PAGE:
A.7 Ac­cu­racy of the vari­a­tional method

This note has a closer look at the ac­cu­racy of the vari­a­tional method.

Any ap­prox­i­mate ground state so­lu­tion $\psi$ may al­ways be writ­ten as a sum of the eigen­func­tions $\psi_1,\psi_2,\ldots$:

\begin{displaymath}
\psi = c_1 \psi_1 + \varepsilon_2 \psi_2 + \varepsilon_3 \psi_3 + \ldots
\end{displaymath}

where, if the ap­prox­i­ma­tion is any good at all, the co­ef­fi­cient $c_1$ of the ground state $\psi_1$ is close to one, while $\varepsilon_2$, $\varepsilon_3$, ...are small.

The con­di­tion that $\psi$ is nor­mal­ized, $\langle\psi\vert\psi\rangle$ $\vphantom0\raisebox{1.5pt}{$=$}$ 1, works out to be

\begin{displaymath}
1 = \langle c_1\psi_1 +\varepsilon_2\psi_2+\ldots \vert
c_...
...s\rangle = c_1^2 +
\varepsilon_2^2 + \varepsilon_3^2 + \ldots
\end{displaymath}

since the eigen­func­tions $\psi_1,\psi_2,\ldots$ are or­tho­nor­mal.

Sim­i­larly, the ex­pec­ta­tion en­ergy $\langle{E}\rangle$ $\vphantom0\raisebox{1.5pt}{$=$}$ $\langle\psi\vert H\psi\rangle$ works out to be

\begin{displaymath}
\left\langle{E}\right\rangle = \langle c_1\psi_1 +\varepsil...
..._1^2 E_1 +
\varepsilon_2^2 E_2 + \varepsilon_3^2 E_3 + \ldots
\end{displaymath}

Elim­i­nat­ing $c_1^2$ us­ing the nor­mal­iza­tion con­di­tion above gives

\begin{displaymath}
\left\langle{E}\right\rangle
= E_1 + \varepsilon_2^2 (E_2-E_1) + \varepsilon_3^2 (E_3-E_1) + \ldots
\end{displaymath}

One of the things this ex­pres­sion shows is that any ap­prox­i­mate wave func­tion (not just eigen­func­tions) has more ex­pec­ta­tion en­ergy than the ground state $E_1$. All other terms in the sum above are pos­i­tive since $E_1$ is the low­est en­ergy value.

The ex­pres­sion above also shows that while the de­vi­a­tions of the wave func­tion from the ex­act ground state $\psi_1$ are pro­por­tional to the co­ef­fi­cients $\varepsilon_2,\varepsilon_3,\ldots$, the er­rors in en­ergy are pro­por­tional to the squares of those co­ef­fi­cients. And the square of any rea­son­ably small quan­tity is much smaller than the quan­tity it­self. So the ap­prox­i­mate ground state en­ergy is much more ac­cu­rate than would be ex­pected from the wave func­tion er­rors.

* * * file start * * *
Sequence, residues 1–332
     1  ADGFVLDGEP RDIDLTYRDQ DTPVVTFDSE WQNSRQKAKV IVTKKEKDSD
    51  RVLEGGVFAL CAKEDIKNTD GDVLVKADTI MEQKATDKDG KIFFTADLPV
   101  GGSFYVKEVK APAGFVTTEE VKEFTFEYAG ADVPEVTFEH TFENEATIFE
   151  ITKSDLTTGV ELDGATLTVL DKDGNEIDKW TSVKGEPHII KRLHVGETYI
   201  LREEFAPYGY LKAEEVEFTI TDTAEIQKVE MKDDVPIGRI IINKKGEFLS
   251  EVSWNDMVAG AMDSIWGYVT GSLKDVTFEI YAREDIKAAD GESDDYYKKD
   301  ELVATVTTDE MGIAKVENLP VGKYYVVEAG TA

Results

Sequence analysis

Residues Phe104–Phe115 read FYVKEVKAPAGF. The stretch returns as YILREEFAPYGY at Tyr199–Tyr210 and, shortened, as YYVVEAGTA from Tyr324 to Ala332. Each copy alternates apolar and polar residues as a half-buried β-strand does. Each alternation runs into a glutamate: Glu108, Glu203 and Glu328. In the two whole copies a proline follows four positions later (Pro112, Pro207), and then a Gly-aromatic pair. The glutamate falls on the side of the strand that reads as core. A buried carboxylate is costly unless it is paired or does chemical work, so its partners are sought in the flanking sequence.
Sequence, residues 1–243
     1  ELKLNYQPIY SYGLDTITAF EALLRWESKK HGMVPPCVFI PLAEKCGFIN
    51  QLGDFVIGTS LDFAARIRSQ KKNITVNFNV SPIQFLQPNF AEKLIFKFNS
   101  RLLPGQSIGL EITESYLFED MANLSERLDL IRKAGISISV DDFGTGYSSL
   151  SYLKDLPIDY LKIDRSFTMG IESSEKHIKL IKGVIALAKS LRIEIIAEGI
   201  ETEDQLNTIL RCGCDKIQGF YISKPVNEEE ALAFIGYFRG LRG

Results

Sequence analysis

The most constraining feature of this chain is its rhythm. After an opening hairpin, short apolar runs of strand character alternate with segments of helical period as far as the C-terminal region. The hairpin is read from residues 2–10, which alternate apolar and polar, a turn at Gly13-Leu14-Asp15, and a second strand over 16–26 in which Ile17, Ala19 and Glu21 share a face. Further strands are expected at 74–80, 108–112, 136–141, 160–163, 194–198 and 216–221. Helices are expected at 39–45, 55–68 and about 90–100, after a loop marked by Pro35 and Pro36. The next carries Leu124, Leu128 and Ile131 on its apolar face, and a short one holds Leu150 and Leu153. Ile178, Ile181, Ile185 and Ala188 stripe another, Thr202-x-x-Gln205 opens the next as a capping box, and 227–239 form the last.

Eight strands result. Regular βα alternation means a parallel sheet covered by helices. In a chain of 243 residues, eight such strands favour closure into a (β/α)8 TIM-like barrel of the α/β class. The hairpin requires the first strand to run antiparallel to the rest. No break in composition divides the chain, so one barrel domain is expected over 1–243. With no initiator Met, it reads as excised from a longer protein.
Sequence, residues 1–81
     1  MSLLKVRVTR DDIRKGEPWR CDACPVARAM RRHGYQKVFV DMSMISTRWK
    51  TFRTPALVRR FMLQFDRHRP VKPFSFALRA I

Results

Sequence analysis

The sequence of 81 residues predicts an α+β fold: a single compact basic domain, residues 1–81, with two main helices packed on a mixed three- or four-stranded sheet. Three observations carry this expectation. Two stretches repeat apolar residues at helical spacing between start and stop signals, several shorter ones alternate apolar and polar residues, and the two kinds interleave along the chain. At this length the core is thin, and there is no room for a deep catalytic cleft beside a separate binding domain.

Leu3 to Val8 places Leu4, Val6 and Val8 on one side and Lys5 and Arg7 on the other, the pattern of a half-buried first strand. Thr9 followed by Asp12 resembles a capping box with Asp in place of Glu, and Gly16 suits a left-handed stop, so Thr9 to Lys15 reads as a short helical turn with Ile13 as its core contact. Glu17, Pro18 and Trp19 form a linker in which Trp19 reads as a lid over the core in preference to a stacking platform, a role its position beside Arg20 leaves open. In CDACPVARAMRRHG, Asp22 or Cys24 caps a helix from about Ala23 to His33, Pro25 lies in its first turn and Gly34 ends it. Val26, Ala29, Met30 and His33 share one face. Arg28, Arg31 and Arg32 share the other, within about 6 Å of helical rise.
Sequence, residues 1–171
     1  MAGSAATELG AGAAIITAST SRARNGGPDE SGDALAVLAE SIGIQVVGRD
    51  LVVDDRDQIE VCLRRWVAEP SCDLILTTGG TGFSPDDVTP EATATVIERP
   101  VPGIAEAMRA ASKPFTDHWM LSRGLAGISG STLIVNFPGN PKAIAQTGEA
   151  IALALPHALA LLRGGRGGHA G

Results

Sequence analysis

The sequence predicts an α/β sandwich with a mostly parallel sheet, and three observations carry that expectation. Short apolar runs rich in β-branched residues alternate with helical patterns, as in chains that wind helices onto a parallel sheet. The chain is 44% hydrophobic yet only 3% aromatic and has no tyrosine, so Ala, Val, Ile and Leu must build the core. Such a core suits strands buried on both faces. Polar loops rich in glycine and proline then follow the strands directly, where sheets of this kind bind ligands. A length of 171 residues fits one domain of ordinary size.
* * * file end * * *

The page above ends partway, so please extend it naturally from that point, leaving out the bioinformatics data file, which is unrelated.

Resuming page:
Still, if an ap­prox­i­mate sys­tem is close to the ground state en­ergy, then the wave func­tion must be close to the ground state wave func­tion. More pre­cisely, if the er­ror in en­ergy is a small num­ber, call it $\varepsilon^2$, then the amount $\varepsilon_2$ of eigen­func­tion $\psi_2$ pol­lut­ing ap­prox­i­mate ground state $\psi$ must be no more than $\varepsilon$$\raisebox{.5pt}{$/$}$$\sqrt{E_2-E_1}$. And that is in the worst case sce­nario that all the er­ror in the ex­pec­ta­tion value of en­ergy is due to the sec­ond eigen­func­tion.

As a mea­sure of the av­er­age com­bined er­ror in wave func­tion, you can use the mag­ni­tude or norm of the com­bined pol­lu­tion:

\begin{displaymath}
\vert\vert\varepsilon_2 \psi_2 + \varepsilon_3 \psi_3 + \ldots\vert\vert
= \sqrt{\varepsilon_2^2+\varepsilon_3^2 +\ldots}
\end{displaymath}

That er­ror is no more than $\varepsilon$$\raisebox{.5pt}{$/$}$$\sqrt{E_2-E_1}$. To ver­ify it, note that

\begin{displaymath}
\varepsilon_2^2 (E_2-E_1) + \varepsilon_3^2 (E_2-E_1) + \ld...
..._2-E_1) + \varepsilon_3^2 (E_3-E_1) + \ldots
= \varepsilon^2.
\end{displaymath}

(Of course, if the ground state wave func­tion would be de­gen­er­ate, $E_2$ would be $E_1$. But in that case you do not care about the er­ror in $\psi_2$, since then $\psi_1$ and $\psi_2$ are equally good ground states, and $E_2-E_1$ be­comes $E_3-E_1$.)

The bot­tom line is that the lower you can get your ex­pec­ta­tion en­ergy, the closer you will get to the true ground state en­ergy, and the small er­ror in en­ergy will re­flect in a small er­ror in wave func­tion.